The air services conglomerate holds deposits for most of the 18 freighters it expects to deploy in 2023 and commitments from long-standing customers for the others. Of the more than 80 passenger-to-freighter conversion slots CAM holds for production from 2022 through 2026, more than 50 are already reserved by customers. 

“We have not seen any weakness in demand really at all. We’ve talked at length about the order book not only for this year but the upcoming years. And we haven’t seen any indication from any of our existing customers that there is any hesitancy at all,” said Berger. “In fact, all have communicated quite clearly that if it’s possible to take the new aircraft, new deliveries early, they certainly would.”

Boeing (NYSE: BA) and Airbus last month slightly raised their 20-year outlook for the freighter market. Boeing forecast the global freighter fleet will be 80% larger in 2041 than today and that the market will grow at a solid 4.1% compound annual rate. Airbus’ overall estimate of 3.2% demand growth was lower, but it said express cargo would grow at a 4.7% clip and that the express share of global cargo volume would increase to 25% from 17% before the pandemic.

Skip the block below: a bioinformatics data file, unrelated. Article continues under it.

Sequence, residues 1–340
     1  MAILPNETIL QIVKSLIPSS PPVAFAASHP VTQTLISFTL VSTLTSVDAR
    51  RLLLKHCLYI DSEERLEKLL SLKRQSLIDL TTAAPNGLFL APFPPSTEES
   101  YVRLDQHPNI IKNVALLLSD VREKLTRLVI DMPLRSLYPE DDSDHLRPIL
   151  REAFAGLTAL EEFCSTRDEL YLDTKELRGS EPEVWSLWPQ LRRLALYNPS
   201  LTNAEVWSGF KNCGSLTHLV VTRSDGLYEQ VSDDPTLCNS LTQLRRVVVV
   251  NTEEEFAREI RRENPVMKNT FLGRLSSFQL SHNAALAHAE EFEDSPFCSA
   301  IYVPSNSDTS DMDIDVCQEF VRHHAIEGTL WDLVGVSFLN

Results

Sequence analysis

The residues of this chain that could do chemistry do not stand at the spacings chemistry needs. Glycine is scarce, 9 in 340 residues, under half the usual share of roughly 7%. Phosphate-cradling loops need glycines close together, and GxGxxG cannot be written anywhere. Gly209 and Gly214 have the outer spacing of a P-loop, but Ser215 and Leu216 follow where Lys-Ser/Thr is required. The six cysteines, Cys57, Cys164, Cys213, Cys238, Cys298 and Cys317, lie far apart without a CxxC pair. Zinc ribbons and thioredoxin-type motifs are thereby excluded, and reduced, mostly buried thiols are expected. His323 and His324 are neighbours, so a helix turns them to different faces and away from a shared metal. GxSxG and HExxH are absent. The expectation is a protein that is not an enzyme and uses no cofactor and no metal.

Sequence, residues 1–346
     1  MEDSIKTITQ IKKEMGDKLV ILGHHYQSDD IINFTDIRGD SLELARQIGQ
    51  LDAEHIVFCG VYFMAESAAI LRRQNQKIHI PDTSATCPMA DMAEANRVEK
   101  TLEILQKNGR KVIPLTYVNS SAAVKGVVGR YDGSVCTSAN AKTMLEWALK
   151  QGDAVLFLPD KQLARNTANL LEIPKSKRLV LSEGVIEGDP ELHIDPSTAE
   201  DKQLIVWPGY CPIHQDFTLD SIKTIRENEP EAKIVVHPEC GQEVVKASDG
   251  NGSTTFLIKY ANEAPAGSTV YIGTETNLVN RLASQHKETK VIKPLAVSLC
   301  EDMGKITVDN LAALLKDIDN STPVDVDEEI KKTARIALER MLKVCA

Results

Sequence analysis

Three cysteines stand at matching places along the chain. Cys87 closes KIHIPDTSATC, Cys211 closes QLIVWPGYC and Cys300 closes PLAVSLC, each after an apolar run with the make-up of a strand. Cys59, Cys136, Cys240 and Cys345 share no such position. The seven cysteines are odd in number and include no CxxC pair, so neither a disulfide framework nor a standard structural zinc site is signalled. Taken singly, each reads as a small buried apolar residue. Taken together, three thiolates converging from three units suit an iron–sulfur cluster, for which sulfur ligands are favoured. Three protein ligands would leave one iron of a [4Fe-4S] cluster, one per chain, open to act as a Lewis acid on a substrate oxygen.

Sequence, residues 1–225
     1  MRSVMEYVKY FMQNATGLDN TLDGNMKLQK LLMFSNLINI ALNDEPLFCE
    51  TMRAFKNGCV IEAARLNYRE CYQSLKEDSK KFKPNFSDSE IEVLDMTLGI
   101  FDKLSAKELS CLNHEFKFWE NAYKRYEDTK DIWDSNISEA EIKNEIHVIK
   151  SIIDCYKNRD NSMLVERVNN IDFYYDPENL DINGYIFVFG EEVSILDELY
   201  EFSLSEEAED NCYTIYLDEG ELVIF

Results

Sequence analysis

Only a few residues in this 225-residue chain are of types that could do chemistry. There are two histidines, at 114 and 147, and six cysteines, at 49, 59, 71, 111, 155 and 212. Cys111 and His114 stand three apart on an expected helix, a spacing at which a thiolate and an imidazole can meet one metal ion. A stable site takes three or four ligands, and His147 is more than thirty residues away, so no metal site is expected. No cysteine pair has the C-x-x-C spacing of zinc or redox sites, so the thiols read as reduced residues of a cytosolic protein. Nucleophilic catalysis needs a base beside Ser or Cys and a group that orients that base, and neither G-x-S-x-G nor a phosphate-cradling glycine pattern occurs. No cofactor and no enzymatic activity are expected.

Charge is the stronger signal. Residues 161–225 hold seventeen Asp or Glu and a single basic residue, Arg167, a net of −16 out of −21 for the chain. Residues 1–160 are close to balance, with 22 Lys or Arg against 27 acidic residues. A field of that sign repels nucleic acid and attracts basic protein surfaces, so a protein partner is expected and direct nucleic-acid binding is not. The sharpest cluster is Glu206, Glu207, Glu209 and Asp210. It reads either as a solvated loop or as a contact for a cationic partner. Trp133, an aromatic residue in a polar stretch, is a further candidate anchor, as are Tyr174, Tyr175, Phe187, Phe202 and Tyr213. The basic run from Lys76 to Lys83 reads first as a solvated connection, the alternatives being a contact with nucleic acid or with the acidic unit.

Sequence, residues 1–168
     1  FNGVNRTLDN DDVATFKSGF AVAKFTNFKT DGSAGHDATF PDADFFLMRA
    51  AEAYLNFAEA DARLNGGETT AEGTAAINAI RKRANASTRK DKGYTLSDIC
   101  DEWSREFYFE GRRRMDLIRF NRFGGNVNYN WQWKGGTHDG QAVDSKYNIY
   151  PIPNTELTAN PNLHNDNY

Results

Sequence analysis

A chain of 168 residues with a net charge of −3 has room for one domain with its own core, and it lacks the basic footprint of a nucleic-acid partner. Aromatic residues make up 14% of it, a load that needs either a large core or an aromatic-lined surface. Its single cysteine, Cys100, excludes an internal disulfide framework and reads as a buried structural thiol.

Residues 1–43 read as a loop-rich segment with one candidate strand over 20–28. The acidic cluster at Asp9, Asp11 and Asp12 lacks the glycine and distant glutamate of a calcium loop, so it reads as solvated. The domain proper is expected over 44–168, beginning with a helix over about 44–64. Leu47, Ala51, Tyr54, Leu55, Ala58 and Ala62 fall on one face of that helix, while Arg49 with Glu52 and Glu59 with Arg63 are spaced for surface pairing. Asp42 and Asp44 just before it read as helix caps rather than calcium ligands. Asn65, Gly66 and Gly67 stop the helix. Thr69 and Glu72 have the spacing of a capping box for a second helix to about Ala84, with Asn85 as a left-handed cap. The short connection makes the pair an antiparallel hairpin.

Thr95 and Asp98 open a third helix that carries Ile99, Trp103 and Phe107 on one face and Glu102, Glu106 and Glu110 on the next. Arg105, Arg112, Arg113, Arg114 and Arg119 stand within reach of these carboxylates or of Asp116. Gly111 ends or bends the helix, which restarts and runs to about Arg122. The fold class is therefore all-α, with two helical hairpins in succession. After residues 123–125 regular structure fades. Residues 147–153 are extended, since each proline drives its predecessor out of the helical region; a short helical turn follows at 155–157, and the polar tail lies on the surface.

Berger noted that two-thirds of the freighter fleet growth will belong to the five major integrators — Amazon, DHL, FedEx, UPS (NYSE: UPS) and SF Express — and partners that supplement their regional networks. 

“Either those folks are our direct customers or they’re our customers’ customers,” he said. “We’re extremely bullish about it and we’re certainly poised with feedstock to meet that demand.”

If demand or growth did decline, ATSG could pull back on acquiring aircraft and use the cash for stock buybacks or other activities, executives said.

Click here for more FreightWaves/American Shipper stories by Eric Kulisch.


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Eric Kulisch

Eric is the Supply Chain and Air Cargo Editor at FreightWaves. An award-winning business journalist with extensive experience covering the logistics sector, Eric spent nearly two years as the Washington, D.C., correspondent for Automotive News, where he focused on regulatory and policy issues surrounding autonomous vehicles, mobility, fuel economy and safety. He has won two regional Gold Medals from the American Society of Business Publication Editors for government coverage and news analysis, and was voted best for feature writing and commentary in the Trade/Newsletter category by the D.C. Chapter of the Society of Professional Journalists. As associate editor at American Shipper Magazine for more than a decade, he wrote about trade, freight transportation and supply chains. Eric is based in Portland, Oregon. He can be reached for comments and tips at [email protected]